What is a Responsive Web Design / Part 2
Accessing the Internet via a phone has now surpassed any other method. On average, US adults spend 34 hours per month accessing the Internet via their phone compared to 27 hours a month through a PC.
As the method of accessing the Internet shifts to mobile devices like smartphones, tablets and other devices, it becomes evident that websites need to rise to that technological challenge. Although there are a few different ways to accomplish that responsive web design is one of them.
The responsive design approach was adopted in web design so the website with all its components will resize (or “respond”) itself for the device it’s being viewed on. This improves the user experience by eliminating the need for the user to try and resize the site manually. Responsive design is a web development process that creates the best user experience no matter what device is being used to access the website.
The other web formats like the adaptive design and m-dot sites, the responsive design does not detect which device you are on. Instead, it uses CSS media queries to determine screen width and orientation as well as the browser you are using.
Three components of a responsive design: Breakpoints, Design and Fluid Sailing
When CSS3 media queries a device for boundary widths, this triggers the alternate styles. eCreations sets the breakpoints for various device sizes & orientations based on the type of device you’re likely using. Most smartphones fall within a certain size as do tablets and desktops. Those sizes are programmed into the CSS. If you use a computer to resize your screen, you will notice that the website has a few points where it shifts the layout of the site. Also, the browser you are using has those alignment points as well so the coding of the responsive design taps into that information too. There are a few exceptions to these rules, this is where the next component comes into play.
Fluid scaling involves percentage values that allow the screen to adjust to the boundaries that are set as well as the browser. Fluid scaling is used to maintain responsiveness between the breakpoints. It also maximizes the available space and keeps the columns aligned in the grid.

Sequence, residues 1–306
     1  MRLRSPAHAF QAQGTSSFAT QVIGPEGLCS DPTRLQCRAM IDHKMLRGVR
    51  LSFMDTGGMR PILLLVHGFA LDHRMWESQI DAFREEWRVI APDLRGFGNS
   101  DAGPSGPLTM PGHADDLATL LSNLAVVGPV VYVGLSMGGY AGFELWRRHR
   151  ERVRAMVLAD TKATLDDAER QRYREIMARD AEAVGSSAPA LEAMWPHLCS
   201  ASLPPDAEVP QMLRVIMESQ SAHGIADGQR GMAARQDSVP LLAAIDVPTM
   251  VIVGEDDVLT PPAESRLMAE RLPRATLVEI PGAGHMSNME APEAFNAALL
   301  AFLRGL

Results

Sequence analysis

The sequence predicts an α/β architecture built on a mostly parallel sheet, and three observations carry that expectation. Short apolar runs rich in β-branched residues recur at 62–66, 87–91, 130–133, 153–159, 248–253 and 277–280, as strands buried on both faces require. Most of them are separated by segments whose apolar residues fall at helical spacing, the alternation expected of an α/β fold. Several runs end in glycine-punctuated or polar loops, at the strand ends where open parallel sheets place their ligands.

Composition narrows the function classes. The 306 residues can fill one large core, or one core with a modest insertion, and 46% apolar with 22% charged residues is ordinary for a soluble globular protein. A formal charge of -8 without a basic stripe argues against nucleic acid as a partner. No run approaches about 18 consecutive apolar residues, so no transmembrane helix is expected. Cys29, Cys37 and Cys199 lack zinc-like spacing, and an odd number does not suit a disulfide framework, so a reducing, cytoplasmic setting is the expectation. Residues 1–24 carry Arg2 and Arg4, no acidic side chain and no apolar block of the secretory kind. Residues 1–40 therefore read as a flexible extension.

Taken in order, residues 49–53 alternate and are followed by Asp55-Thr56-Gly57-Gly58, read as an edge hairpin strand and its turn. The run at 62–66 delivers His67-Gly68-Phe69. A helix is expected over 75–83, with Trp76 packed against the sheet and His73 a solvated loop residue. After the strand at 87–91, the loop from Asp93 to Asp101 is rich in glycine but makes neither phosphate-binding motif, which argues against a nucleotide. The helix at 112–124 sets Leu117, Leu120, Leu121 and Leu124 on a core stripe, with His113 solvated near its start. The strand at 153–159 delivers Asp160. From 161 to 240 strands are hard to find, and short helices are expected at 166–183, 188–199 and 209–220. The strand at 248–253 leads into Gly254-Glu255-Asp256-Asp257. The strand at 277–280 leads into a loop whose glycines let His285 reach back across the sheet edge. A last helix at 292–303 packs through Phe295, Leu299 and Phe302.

Grids are also used at times to provide structure for the site. This includes the sidebars and body. The grid is where the device widths and breakpoints are loaded so the layout of the site has a pre-established place for each component to land when the breakpoint is hit. Normally a 960-pixel grid system is used which has 12 columns. You can see the grid system below.
While eCreations works on the design of a website, we emphasize the retention of the elements as the spacing and sizing flow from desktop to mobile. This allows for fluid scaling without loading unnecessary or duplicate elements.
Responsive Design by eCreations LLC
Our highly qualified software engineers, graphic designers, and web developers work together to make sure that every page on your site flows seamlessly through every possible display type and provides the best user experience for your visitors. Quality checks are performed for all browsers and all platforms to make sure the break points and fluidity are working properly.
Our goal is to provide an optimal user experience for your website visitors so that they can become your customers. We’re not the only ones concerned with the user experience; Google is so concerned about it that they have made it a big component in the algorithm that determines if your website will show up in a search.
Brad Haws / eCreations LLC